Industrial safety resources

Learn safety first. Think safety first.

Stay connected to safe tools and safe workplaces through information about protective equipment, test tools, and safety procedures. Fluke engineers use safety as their foundation when building and testing your tools. These products have been dropped, shocked, short-circuited, injected with thousands of volts of electricity and forced to endure extreme temperatures before they land in your toolbox.


Safety videos

Safety on-demand webinars

Electrical measurement safety

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    Electrical Measurement Safety
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    Verifying electrical wiring installations

Avoiding arc flash


Arc flash vs arc blast

Arc flash vs arc blast. When an arc fault occurs, the result is a massive electrical explosion. The light and heat emitted by the explosion is known as the arc flash, and the pressure wave is known as the arc blast.


Arc flash protection with thermal imaging

Understand what the NFPA 70E standards for arc flash PPE assessment means for thermographers using thermal imaging camera.


Understanding the arc flash boundary

The arc flash boundary is the minimum “safe” distance from exposed energized conductors or circuit parts that has the potential for an arc flash. The required arc-rated clothing and PPE increases rapidly as a worker approaches the potential source of an arc flash


Top 5 safety tools for preventing arc flash

Limiting workers’ exposure to electrical hazards like arc flash or electrocution is a solid foundation for any electrical safety program. Combine that mindset with the right non-contact tools and more electrical workers will be kept out of harm’s way.

Safety standards


Electrical safety standards

To meet the demands of today’s high-energy, high-hazard workplace, quality manufacturers like Fluke continue to improve their test instruments to make them safer and more reliable.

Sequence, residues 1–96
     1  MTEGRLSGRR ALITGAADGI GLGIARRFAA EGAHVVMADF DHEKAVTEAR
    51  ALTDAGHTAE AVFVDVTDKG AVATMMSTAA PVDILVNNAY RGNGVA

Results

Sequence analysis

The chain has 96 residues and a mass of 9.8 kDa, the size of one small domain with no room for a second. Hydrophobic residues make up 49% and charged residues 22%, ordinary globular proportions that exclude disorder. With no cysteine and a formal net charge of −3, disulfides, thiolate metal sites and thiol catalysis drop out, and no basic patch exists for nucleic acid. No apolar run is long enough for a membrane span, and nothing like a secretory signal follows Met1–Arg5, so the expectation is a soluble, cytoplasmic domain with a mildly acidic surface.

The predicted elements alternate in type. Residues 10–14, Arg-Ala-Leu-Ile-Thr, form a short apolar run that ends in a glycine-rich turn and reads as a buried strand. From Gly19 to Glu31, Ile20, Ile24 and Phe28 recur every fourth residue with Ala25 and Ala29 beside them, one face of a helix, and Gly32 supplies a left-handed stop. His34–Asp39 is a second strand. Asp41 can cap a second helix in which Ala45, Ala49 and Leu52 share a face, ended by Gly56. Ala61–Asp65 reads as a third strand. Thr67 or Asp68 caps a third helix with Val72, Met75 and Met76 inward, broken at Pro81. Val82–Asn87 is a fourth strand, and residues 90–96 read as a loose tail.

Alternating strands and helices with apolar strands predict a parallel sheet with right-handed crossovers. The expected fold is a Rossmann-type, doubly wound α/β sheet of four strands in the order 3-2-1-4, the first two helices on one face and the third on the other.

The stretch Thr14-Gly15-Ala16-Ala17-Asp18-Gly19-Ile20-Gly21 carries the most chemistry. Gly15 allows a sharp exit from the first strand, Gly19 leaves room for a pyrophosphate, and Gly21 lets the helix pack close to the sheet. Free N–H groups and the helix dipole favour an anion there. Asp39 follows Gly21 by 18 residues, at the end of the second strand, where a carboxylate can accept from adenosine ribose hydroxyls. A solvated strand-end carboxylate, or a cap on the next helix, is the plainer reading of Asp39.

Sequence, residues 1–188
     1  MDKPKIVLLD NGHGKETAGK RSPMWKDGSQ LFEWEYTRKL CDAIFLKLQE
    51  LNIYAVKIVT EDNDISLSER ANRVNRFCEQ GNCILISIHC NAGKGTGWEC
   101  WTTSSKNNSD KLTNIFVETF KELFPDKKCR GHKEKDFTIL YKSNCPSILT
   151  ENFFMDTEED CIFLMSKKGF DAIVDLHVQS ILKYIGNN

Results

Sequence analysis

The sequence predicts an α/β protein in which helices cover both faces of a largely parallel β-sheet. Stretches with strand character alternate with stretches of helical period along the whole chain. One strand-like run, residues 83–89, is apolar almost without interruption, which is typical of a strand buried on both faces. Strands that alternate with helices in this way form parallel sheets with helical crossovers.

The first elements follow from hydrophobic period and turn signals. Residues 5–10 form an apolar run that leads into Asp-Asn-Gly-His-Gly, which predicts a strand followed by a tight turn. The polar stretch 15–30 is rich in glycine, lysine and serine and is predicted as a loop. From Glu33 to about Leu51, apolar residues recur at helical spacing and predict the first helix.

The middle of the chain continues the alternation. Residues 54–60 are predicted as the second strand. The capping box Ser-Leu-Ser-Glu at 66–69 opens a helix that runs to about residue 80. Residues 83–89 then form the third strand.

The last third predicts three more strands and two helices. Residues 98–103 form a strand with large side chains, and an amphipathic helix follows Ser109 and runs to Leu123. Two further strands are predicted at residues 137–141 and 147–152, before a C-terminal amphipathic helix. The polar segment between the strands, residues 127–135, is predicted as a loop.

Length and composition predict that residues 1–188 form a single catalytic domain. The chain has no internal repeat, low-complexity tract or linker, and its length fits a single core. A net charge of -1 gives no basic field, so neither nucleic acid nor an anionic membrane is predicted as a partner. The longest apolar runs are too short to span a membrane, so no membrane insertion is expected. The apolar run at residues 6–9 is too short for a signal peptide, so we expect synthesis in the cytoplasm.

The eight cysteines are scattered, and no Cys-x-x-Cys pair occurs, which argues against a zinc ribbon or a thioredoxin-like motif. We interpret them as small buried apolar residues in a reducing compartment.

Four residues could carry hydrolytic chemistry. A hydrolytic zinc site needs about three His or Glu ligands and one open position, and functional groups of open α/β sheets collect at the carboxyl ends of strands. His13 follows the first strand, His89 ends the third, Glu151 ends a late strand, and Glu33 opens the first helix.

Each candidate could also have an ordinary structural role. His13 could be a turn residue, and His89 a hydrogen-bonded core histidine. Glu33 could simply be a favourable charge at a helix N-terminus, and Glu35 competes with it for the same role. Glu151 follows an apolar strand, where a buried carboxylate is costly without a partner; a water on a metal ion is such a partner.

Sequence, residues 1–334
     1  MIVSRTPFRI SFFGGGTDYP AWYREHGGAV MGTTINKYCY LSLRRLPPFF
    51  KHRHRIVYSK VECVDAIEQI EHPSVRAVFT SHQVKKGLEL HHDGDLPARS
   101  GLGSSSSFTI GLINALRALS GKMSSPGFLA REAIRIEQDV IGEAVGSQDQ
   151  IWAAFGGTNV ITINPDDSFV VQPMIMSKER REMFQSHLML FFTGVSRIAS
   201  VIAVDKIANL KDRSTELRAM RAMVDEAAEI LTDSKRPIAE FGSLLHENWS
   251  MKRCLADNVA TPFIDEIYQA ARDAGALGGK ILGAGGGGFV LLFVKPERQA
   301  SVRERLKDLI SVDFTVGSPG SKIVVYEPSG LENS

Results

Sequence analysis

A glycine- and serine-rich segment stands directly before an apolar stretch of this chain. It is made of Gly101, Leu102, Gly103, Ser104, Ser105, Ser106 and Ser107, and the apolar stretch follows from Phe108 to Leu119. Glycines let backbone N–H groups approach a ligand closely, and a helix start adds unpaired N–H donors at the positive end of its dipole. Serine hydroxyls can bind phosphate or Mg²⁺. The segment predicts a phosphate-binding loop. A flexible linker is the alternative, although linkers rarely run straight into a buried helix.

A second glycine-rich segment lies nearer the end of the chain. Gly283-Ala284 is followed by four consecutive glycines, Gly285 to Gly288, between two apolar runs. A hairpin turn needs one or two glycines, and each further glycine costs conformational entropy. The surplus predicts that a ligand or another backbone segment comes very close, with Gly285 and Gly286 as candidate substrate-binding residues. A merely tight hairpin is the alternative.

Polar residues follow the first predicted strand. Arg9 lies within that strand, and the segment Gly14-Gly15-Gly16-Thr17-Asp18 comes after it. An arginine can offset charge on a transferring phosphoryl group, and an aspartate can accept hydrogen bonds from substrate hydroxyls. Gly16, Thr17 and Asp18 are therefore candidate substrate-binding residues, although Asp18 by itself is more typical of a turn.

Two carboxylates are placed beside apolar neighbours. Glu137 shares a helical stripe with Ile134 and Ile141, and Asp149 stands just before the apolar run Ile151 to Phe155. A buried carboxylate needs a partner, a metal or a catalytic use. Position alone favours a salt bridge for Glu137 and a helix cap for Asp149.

Four myths about electrical safety that may surprise you

Following electrical safety regulations in industrial plants is critical. But myths about electrical safety are rampant. Understand the facts vs myths about working in energized systems.


10 dumb things smart people do when testing electricity

Anyone who makes their living by working with electricity quickly develops a healthy respect for anything with even a remote chance of being "live." Yet the pressures of the getting a job done on time or getting a mission-critical piece of equipment back on line can result in carelessness and uncharacteristic mistakes by even the most seasoned electrician.


Curb Explosive Potential with Intrinsically Safe Tools

Curb explosive potential with intrinsically safe tools. For those who work in industries where flammable materials are present—such as petrochemical and pharmaceutical plants, oil platforms, refineries, pipelines, and mining—the potential for an explosion is a daily reality. All it takes is a flammable material coming into contact with air and an ignition source.

Safe test tools


How infrared cameras help you stay safe on the job

If you troubleshoot or maintain equipment in an industrial setting, staying safe depends partly on the environment and partly on you.


How TwistGuard multimeter test leads keep you safe

Fluke TwistGuard™ Test Leads:safer, tougher, more versatile


Testing your test leads

Checking your test leads to make sure they are in good condition and rated for the job at hand is the best insurance for accuracy and safety



Checking grounding electrode impedance for commercial, industrial and residential buildings

Most facilities have grounded electrical systems, so that in the event of a lightning strike or utility overvoltage, current will find a safe path to earth. A ground electrode provides the contact between the electrical system and the earth.


Solid ground: Increasing parallel conductor ampacity

The most popular reason for paralleling conductors is to provide higher ampacity than a single conductor can provide. "In a typical building design, the largest conductors are usually 500 kcmil or 600 kcmil". "And many electrical contractors will actually object to 600 kcmil. If ampacity above 400 A is necessary, using parallel conductors is the only reasonable solution.


Grounding separately derived systems

As I promised in my last column, this "Solid Ground" column deals with transformers and grounding. Let's start by addressing some definitions. Opinions differ on the "official" definition of "distribution" transformer.


Chasing "ghost" trips in GFCI-protected circuits

This issue of "Solid Ground" talks about ground fault circuit interrupters (GFCIs), why they are necessary, and how to troubleshoot GFCI-protected circuits.